April 3, 2014
A Close Look At Electronic Cigarettes
We have all seem them, either in use or at the check out counter at your local gas station. E-cigarettes/vaporizers are the new thing in smoking. To some people, they are the latest craze. Others use them to try and wean themselves off of smoking. Some people use them to smoke in public places where normal smoking is not allowed, resuming smoking their regular cigarettes where able. People claim that these e-cigarettes are safer/better for you than regular tobacco cigarettes, but as of yet, the truth to such claims is not really known. Any potential long-term health risks associated with using e-cigarettes will not be known for many years. As its stands, what do we know? Recently, researchers from the Norris Cotton Cancer Center have examined e-cigarettes and their use in order to compile what little we do know about them and the impact they can have on someone’s health.
First off, how do they work? E-cigarettes work by heating a liquid solution and creating an inhalable vapor. A basic e-cigarette includes a battery – often USB charged – a cartridge that holds the solution, and the heating element. When the user presses a button and inhales, this creates a vacuum and the battery powers the heater to turn the solution into a vapor, which is then drawn out of the device and inhaled into the lungs. This is often called ‘vaping.’ Most of these devices look in many ways like a cigarette, some even including a light at the end to resemble the glow of a lit cigarette.
Are all e-cigarettes the same? No. While the first e-cigarettes were invented in China, there are now more than 400 different e-cigarette devices on the market, some of which are manufactured in the United States. Early testing of the newer designed e-cigarettes hint that these work more like a cigarette than older models, drawing the vapor deeper into the lungs, which allows for quicker absorption into the blood stream. This tends to make them more addictive than normal cigarettes, but also a better substitute. The newer vaporizer pens are similar to e-cigarettes, but what is vaporized in them varies greatly.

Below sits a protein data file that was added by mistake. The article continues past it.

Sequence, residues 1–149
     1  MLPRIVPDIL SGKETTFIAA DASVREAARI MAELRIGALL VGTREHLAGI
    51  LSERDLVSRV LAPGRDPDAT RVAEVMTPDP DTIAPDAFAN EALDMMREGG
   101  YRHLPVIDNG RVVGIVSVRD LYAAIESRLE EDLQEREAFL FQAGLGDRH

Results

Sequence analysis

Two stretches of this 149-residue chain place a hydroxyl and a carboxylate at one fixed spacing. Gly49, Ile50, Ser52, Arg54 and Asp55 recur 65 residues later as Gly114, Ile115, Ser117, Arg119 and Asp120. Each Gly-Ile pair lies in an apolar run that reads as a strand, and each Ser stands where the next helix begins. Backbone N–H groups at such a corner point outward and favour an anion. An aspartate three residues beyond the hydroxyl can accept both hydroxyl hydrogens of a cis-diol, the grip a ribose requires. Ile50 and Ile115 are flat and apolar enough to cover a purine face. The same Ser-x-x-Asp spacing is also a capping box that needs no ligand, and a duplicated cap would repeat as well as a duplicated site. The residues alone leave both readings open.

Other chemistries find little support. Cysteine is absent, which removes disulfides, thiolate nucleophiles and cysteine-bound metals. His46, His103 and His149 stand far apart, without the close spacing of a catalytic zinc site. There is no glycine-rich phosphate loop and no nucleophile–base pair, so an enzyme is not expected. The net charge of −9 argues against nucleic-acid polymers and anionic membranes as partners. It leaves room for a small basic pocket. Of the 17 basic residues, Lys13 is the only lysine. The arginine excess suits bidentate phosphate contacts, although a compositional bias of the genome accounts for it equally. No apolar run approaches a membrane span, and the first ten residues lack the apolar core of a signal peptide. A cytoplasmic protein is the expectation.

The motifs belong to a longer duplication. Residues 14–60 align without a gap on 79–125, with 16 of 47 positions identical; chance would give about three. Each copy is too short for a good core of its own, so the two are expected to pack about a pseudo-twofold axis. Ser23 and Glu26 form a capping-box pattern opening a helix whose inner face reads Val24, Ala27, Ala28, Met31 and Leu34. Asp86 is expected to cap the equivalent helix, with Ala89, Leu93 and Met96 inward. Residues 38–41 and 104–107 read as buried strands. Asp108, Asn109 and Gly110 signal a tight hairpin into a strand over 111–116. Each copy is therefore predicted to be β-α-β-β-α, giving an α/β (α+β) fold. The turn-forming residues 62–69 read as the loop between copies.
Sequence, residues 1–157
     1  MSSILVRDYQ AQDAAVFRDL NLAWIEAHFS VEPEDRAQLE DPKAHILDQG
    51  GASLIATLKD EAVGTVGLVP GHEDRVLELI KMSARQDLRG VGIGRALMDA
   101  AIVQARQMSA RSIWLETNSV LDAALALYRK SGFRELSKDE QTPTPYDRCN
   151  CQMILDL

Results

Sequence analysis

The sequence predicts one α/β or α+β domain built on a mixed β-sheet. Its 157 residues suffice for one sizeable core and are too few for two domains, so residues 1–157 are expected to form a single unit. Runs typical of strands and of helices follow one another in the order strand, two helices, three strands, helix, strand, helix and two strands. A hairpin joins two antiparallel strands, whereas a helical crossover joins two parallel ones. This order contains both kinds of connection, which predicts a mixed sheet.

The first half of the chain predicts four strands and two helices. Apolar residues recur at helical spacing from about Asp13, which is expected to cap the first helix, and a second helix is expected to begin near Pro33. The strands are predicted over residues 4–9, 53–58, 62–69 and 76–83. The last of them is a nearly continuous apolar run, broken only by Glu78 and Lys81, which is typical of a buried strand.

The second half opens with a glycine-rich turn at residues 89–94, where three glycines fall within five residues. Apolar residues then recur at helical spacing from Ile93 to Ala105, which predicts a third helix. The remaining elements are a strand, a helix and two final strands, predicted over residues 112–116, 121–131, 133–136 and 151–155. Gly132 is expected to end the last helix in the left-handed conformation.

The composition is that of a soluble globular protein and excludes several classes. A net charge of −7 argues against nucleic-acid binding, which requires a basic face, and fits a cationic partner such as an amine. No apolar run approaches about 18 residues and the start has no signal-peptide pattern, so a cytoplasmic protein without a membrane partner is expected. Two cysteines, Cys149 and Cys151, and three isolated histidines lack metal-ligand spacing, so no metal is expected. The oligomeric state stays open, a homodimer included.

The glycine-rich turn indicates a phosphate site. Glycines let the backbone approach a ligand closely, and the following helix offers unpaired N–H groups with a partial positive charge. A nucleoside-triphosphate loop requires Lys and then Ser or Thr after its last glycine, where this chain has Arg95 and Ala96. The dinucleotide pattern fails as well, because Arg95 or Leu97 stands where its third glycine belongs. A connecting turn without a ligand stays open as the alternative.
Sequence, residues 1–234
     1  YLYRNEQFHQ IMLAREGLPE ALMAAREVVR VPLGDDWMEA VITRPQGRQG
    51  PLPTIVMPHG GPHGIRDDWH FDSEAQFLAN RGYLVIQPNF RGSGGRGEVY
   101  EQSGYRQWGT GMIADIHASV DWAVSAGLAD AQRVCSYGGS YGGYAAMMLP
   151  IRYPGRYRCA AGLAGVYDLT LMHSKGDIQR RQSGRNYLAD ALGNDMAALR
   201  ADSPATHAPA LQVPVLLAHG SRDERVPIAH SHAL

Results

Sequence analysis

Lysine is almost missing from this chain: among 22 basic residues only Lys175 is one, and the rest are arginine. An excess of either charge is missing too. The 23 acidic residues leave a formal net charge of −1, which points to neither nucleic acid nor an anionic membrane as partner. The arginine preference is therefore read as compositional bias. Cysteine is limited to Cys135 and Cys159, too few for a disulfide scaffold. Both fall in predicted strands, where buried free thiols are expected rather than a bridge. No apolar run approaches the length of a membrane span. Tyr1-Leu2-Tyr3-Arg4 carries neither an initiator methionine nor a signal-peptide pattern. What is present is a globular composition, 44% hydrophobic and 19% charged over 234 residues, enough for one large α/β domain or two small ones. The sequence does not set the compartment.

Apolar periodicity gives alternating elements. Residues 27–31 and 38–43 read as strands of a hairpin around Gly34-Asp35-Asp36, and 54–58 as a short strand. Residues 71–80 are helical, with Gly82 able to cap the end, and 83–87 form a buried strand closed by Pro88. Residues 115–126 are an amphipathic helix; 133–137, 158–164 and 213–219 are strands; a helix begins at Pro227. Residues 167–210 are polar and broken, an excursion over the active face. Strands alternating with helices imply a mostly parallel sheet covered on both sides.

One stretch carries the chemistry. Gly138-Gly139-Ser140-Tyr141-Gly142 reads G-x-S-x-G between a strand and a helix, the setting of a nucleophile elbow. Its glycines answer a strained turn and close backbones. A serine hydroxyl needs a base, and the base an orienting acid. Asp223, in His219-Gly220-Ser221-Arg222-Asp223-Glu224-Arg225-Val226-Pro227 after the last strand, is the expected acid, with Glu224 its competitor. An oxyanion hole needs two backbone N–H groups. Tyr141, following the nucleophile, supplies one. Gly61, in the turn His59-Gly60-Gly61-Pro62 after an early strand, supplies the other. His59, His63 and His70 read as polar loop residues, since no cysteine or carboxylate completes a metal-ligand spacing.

Will using an e-cigarette help someone quit? Unfortunately, there is presently no strong evidence supporting that it will, but often this is left up to the user. There is the trend of “dual-using” e-cigarettes with normal cigarettes, which in terms of trying to quit defeats the entire purpose. Using an e-cigarette when normal cigarettes are not allowed and then switching back to normal cigarettes when able is not a way to go about trying to quit. Also, because e-cigarettes and similar devices are presently unregulated by any agency, their safety and effectiveness have not been tested to the same extent. It is, at the moment, impossible to say if e-cigarettes are any safer than other tobacco products, which is why public health officials are reluctant to encourage their use over regular cigarettes.
Using an e-cigarette exclusively has been shown to help people quit smoking, but this is as much due to that person’s own drive and willpower as it is to the e-cigarette. Even so, if these devices are able to help people quit, and they are used for that purpose rather than merely for “dual-using,” I encourage their use. This is not to say that I disapprove of smoking, but rather that I am glad to encourage someone who has a desire to quit. Quitting can be hard, and anything that can help someone along the way holds a positive recommendation in my book.
Also, I think they smell good.
Image Credit: Thinkstock